Showing posts with label press junket. Show all posts
Showing posts with label press junket. Show all posts

Happy Birthday, Dr. Seuss!

Friday, March 2, 2012

Today is Dr. Seuss's birthday! No coincidence that it's also opening day for The Lorax. There were so many parts of the interviews that I loved, but meeting Betty White and Danny DeVito was my highlight. I left Zac Efron to Mary and the other cougars. (Kidding!)

DeVito could not be more perfect as the voice of The Lorax. I've tried to think of who else would have fit the role but I can't. He has just the right amount of gruff to make it work. Ken Duario, one of the writers said of DeVito that, "once that name came up as a thought and then, that was it.  That's all we ever had in our head because he's The Lorax."

DeVito has done voice work in animation before. He's done characters in My Little Pony, Matilda, Space Jam, Hercules and a cat in Last Action Hero. But, he didn't think about doing The Lorax until he was approached by the film makers. "I didn't identify with the character as much as I dug him," he said. "I thought he was really cute and cool. And it wasn't until two years ago or so when Chris Melandandri [Producer] called me and asked me if I would be interested."

When the interview was over, I told Mr. DeVito that he is the Boris Karloff of our time. Whenever I think of iconic Seuss, specifically The Grinch, I hear Karloff in my head. Now, when I think of The Lorax I'll hear Danny DeVito and I'll bet many others will too.

As for Betty White, could she be any cuter? I want to be just like her when I'm her age. She was so warm and funny in the interviews. She voices Grammy Norma. We all loved that her character was strong, sassy and cunning rather than doddering. Grammy Norma is actually instrumental in saving the day. 

I loved the Golden Girls and being in the same room with Betty White and listening to her tell her stories was so awesome. Between her television career, books and her work with the Morris Animal foundation, she's incredibly busy for a 90 year-old!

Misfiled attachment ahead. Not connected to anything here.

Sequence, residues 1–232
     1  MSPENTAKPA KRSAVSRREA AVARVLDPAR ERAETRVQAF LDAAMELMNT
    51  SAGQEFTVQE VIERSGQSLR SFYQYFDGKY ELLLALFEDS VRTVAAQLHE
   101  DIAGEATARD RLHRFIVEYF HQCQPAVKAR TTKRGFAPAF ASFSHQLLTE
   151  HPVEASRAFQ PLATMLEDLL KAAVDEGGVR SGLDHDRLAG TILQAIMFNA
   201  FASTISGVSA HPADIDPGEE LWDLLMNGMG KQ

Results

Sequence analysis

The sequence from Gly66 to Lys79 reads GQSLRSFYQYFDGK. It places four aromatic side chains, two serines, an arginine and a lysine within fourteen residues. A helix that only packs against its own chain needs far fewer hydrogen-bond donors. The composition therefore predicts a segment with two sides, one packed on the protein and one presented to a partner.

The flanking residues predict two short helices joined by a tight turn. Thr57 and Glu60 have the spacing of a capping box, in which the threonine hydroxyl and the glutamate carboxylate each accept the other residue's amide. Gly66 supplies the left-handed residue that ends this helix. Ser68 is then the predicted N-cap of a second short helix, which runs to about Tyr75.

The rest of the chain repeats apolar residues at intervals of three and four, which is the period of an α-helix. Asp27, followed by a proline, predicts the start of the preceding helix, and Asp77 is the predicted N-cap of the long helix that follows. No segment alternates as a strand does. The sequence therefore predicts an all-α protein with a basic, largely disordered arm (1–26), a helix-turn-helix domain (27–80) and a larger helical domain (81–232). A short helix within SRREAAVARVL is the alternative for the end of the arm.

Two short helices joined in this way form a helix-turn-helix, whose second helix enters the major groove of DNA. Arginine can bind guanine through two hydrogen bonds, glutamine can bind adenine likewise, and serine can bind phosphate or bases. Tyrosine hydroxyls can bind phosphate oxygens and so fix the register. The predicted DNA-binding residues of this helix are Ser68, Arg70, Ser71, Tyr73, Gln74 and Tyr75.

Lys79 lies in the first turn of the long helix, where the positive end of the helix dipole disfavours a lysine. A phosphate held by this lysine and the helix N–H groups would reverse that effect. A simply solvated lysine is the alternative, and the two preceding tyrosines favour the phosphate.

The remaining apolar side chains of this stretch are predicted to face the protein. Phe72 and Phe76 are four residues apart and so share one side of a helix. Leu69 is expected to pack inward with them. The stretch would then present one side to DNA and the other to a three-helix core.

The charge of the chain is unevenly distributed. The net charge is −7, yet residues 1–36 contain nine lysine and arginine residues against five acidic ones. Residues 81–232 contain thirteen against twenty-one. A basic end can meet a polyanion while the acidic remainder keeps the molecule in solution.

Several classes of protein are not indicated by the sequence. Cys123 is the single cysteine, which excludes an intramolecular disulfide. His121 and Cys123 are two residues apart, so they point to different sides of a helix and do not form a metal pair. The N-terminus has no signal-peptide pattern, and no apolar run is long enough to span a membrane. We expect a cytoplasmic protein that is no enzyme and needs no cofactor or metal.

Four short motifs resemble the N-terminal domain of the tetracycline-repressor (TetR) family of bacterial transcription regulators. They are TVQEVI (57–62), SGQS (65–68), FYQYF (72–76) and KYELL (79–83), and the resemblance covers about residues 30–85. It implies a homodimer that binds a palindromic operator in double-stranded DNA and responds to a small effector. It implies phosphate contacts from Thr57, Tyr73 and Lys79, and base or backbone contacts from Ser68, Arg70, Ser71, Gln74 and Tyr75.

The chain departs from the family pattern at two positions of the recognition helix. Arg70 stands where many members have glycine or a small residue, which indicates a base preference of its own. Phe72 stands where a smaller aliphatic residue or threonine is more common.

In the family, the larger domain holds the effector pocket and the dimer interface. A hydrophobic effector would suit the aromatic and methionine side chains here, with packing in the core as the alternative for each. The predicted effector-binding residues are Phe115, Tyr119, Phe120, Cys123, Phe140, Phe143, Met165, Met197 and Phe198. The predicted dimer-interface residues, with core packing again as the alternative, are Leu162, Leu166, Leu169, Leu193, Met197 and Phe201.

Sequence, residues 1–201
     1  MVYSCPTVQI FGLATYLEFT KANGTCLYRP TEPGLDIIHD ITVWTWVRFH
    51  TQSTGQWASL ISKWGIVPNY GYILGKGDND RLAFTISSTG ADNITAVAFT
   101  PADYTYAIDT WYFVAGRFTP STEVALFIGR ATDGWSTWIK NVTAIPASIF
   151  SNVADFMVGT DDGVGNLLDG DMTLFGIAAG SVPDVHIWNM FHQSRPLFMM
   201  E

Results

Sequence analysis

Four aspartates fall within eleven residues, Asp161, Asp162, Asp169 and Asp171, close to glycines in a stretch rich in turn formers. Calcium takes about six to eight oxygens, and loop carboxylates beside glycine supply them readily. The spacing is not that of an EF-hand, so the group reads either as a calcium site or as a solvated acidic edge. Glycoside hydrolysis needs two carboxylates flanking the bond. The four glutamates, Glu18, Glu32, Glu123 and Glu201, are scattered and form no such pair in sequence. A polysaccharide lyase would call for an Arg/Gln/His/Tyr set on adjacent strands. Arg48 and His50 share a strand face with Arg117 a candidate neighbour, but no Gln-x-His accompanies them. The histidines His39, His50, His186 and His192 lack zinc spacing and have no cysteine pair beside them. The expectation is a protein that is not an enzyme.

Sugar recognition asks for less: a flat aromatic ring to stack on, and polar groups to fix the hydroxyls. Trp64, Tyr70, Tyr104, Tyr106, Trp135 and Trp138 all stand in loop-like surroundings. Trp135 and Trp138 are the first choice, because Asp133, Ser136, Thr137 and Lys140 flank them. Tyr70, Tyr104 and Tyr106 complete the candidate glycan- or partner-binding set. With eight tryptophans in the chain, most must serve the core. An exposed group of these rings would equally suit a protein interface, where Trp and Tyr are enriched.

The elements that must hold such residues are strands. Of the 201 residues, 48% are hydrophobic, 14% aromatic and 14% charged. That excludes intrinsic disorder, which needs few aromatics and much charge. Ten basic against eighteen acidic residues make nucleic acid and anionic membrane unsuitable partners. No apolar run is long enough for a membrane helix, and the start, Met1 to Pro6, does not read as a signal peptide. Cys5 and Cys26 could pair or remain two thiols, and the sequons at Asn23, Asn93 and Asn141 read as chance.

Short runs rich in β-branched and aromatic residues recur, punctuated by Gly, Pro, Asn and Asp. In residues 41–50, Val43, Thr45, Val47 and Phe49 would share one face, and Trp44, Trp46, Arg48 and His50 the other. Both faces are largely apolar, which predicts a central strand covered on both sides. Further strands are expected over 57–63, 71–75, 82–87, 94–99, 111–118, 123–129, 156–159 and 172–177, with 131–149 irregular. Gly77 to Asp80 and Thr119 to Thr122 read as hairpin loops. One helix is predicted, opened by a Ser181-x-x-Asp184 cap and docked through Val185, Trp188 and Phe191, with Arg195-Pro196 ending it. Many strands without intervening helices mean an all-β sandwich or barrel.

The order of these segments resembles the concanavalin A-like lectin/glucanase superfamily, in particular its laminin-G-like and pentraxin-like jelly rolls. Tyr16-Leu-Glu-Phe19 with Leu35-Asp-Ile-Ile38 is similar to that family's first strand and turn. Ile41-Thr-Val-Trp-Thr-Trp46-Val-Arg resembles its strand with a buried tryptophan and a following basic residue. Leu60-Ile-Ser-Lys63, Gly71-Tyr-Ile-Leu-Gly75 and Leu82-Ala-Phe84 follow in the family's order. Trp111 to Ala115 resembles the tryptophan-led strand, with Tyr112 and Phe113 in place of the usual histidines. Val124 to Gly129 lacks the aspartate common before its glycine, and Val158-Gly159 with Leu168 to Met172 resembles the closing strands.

I promise this is the last time I'll say it, but I loved this movie. Dr. Seuss' words resonate just as much today as they did when he wrote The Lorax in the early 1970's. I love it that a whole new generation is getting to know Dr. Seuss and the lessons he shared.

Celebrate Dr. Seuss' birthday by visiting to see all the sites participating in The Lorax blog hop. The Lorax opens in theaters today.

Thank you to universal Pictures for providing access during the press junket.

Toe Tappin with The Lorax Soundtrack

Tuesday, February 28, 2012

This past weekend I took my family to see an advanced screening of The Lorax and I've been humming some of the songs ever since. Tyler has politely asked me to stop several times but I can't help it!  

The music in The Lorax is fantastic. The songs are catchy and help tell the story and fill the holes from taking a 45 page book and turning it into a feature length movie. When we interviewed the directors and actors, Renee and Chelsea both brought up how good the music was. Chris Melandandri (one of the producers) said that, "when music works, it's such an engaging, uplifting aspect of a film with that chemistry between imagery and song, there's nothing like it in terms of just immersing you in the emotion of a scene in a movie." The music definitely works in this movie.

In the middle of The Lorax, when one of the turning points happens, Ed Helms moves the story along by having the character he voices, The Once-ler sing about his morals and ethics. Helms had an interesting dilemma in voicing The Once-ler. For consistency, the directors wanted him to do both old and young Once-ler.

So in addition to speaking in two different tones, Helms had to sing as the young Once-ler. Despite the challenge, he had fun. He said it was  "fun and silly and ridiculous and campy." He echoed my sentiments that the music is "amazing," and that John Powell (the composer) "just knocked it out of the park with the opening."

I should have known I'd still be singing the songs days later because Helms has been singing too. "I got (composer) John to give me an advance of the soundtrack," he said. "You see me at a stop light and I'm singing, 'Everybody needs a thneed!'"

Me too, Ed. Me too.

I asked the writers (Cinco Paul and Ken Duario) how they determined what parts of a movie to use songs over dialogue.

"The definition," Cinco said, "is generally, does it sing? And so, you want to sort of find the moments when it's almost demanding that the characters burst into song. But, also we used the songs really narratively to sort of tell a lot of story in a little time. And so, the first song was just a way of how can we introduce everybody to the world as quickly as possible and have them tapping their feet while they're introduced to the world, and those two moments were ways to sort of compress time and to cover a lot of ground."